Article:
05 Jun 2017

So, that was Cinegear 2017

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21 years old and getting better with each passing year... 21 years old and getting better with each passing year... Cinegear Expo

I’m on the plane back from Cinegear, the video and cinematography show based on Paramount’s Studio lot in Hollywood. In three words: it was great.

I hadn’t been before but after RED’s decision to ditch NAB and exhibit instead at Cinegear, it seemed like we should go this year, even though it’s so soon after NAB, and even though I live in the UK, it seemed worth taking the RedShark team over to the West Coast again.

And I’m so glad that we did. The show, this year, in my view, was phenomenal. 

Quite obviously there’s a completely different vibe to NAB. The Vegas show will always be important. It’s unique and it’s a pivotal part of the calendar. But it’s a mixed bag. While you still find cameras, lighting, tripods, batteries and all manner of good stuff, it’s intermixed with satellite gear, radio aerials and things that make you have to walk further to find what you really want to see. And you always have to allow twenty minutes between meetings because the place is so big. 

In comparison, while Cinegear has reached the point where while it’s not exactly small, it is at least concentrated. Everything that’s there is worth a look. It’s all relevant.

And what a venue!

If you’ve never been, it’s a revelation. The show is hosted on Paramount’s studio lot, which is a very big area. There’s a large number of stages and then there’s the New York street scene - a collection of streets and buildings that resemble areas of New York. These are real buildings - they’re not cardboard cutouts or temporary in any way. 

And in the meandering faux New York streets you’ll find a rich helping of booths and stalls, all competing for your attention. Lenses, filters, tripods, wireless video devices, storage, VR, 360-degree video — all out in the sun. Apparently, it wasn’t as hot this year as last. It was lovely, in fact - beautiful weather without being uncomfortably hot.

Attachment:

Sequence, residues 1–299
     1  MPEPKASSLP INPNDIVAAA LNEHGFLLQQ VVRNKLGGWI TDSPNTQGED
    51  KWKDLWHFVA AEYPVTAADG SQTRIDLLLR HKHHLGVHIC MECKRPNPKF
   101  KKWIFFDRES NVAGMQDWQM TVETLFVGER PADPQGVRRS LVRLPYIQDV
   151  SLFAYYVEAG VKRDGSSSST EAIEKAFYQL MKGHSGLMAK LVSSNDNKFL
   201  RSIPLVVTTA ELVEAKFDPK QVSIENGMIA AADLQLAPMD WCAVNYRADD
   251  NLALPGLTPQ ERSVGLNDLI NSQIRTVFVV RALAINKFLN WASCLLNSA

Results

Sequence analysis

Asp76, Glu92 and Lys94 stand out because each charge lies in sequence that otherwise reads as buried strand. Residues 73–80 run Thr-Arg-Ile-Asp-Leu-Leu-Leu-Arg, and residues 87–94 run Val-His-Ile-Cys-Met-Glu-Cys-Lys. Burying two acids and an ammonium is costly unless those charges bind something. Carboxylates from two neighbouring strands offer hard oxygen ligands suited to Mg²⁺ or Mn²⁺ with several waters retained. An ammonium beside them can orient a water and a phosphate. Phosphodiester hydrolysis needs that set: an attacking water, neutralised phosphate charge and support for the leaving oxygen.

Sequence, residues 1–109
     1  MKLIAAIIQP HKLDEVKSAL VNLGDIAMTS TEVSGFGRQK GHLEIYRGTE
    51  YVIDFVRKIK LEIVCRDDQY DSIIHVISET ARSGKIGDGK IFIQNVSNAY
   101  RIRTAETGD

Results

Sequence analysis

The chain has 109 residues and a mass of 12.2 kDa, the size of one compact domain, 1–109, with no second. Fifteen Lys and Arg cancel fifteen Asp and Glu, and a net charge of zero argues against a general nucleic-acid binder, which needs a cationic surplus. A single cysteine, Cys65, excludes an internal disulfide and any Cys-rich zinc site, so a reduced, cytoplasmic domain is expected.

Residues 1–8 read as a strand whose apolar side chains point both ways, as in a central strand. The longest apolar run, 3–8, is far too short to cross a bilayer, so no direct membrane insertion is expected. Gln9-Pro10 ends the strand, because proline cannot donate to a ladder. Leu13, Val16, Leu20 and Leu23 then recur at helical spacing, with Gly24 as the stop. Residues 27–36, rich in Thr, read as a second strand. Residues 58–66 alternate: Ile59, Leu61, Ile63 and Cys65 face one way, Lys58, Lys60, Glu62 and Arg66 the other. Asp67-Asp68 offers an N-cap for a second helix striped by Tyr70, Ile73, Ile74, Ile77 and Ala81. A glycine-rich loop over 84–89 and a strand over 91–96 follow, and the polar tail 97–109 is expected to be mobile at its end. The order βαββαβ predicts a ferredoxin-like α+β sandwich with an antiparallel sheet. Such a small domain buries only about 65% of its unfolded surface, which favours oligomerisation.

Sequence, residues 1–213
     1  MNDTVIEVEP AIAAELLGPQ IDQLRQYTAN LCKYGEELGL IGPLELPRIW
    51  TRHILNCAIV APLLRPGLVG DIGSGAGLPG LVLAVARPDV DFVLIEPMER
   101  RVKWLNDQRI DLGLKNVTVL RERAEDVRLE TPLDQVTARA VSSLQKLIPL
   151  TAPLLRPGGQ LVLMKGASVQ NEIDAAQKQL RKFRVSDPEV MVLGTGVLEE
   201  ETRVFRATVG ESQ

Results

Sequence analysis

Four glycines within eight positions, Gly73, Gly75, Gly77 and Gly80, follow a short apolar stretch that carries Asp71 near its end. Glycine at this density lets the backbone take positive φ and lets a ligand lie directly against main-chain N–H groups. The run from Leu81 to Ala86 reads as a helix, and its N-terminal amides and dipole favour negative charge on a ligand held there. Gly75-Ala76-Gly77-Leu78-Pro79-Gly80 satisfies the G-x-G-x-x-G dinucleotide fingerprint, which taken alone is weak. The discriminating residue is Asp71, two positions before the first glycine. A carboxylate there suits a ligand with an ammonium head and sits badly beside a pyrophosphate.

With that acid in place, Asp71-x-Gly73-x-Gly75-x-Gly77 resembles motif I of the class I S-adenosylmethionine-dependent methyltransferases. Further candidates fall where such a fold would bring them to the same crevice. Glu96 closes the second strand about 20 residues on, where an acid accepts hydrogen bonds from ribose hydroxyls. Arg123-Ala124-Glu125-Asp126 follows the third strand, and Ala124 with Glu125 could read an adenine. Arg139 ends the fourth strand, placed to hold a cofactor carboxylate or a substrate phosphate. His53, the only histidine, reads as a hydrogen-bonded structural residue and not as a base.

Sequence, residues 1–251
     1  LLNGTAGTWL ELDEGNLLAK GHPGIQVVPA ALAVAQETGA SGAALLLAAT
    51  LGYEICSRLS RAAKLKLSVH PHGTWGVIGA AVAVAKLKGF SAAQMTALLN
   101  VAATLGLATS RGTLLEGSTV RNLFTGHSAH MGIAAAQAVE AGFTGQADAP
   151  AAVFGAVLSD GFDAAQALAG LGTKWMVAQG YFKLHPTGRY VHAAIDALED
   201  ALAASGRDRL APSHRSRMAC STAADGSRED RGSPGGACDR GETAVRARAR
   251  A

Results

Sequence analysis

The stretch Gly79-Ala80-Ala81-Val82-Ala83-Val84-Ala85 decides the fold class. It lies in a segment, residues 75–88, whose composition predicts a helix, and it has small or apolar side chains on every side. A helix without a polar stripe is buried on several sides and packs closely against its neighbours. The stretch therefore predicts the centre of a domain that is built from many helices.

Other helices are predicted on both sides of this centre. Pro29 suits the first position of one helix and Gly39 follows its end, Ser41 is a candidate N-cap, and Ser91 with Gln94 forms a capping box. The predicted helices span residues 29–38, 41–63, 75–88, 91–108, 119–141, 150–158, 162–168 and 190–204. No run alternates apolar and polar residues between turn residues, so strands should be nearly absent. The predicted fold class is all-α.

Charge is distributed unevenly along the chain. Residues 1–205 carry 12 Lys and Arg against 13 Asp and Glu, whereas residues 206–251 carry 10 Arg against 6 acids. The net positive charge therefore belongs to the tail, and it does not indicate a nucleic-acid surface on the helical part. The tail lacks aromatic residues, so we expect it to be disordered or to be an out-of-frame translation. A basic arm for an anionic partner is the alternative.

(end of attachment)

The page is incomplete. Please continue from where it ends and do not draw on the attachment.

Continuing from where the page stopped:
You still needed a sun hat to avoid being toasted, and massive thanks to Teradek for giving out wide-brimmed sunhats to virtually everyone that wanted one. 

Inside the stages, it was more like a conventional show, with the added benefit that it was air conditioned. RED had its own stage and was packed from the start of the exhibition. I’m guessing they’re pleased with their decision to switch from NAB. They also had what by any measure was a simply awesome party at the RED Studio. This, if you’ve never seen it, is a complete, working studio. It’s been RED’s since about 2010, I believe, and it’s probably the best party venue I’ve ever seen. Jetlag meant that I didn’t make it until the end but I’m told there were fireworks. 

Cinegear’s importance in the calendar was boosted by Sony’s decision to pre-announce a new Full Frame cinematography camera with a completely new generation of sensor and supporting technology, and by Panasonic’s launch of the EVA1 camera. We suspect that Canon’s launch of their C200 was influenced by the timing of Cinegear, too. 

We were so impressed by Cinegear that we’re going to book our hotels for next year straight away. If you’re thinking of going you might want to do the same. A couple of tips if you do go next year: 

  • Don’t bring a car
  • Do bring a sun hat and sun cream
  • Don’t expect to get anywhere in the area quickly: the traffic is terrible
  • Do expect a wonderfully different show

We hope to see you there next year.


David Shapton

David is the Editor In Chief of RedShark Publications. He's been a professional columnist and author since 1998, when he started writing for the European Music Technology magazine Sound on Sound. David has worked with professional digital audio and video for the last 25 years.

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